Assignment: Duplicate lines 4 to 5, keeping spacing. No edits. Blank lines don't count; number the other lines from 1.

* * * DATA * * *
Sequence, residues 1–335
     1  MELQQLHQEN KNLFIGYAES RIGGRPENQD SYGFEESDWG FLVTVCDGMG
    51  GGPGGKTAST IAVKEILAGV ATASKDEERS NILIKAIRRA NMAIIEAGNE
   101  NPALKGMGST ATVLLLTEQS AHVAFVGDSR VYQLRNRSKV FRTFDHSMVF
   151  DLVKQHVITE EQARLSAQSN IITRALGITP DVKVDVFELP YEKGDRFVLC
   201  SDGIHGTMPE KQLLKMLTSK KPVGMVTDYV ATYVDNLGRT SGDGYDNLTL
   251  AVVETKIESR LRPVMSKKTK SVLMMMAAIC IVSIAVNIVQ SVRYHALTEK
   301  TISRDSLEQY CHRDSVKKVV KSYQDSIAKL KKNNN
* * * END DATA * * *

   101  NPALKGMGST ATVLLLTEQS AHVAFVGDSR VYQLRNRSKV FRTFDHSMVF
   151  DLVKQHVITE EQARLSAQSN IITRALGITP DVKVDVFELP YEKGDRFVLC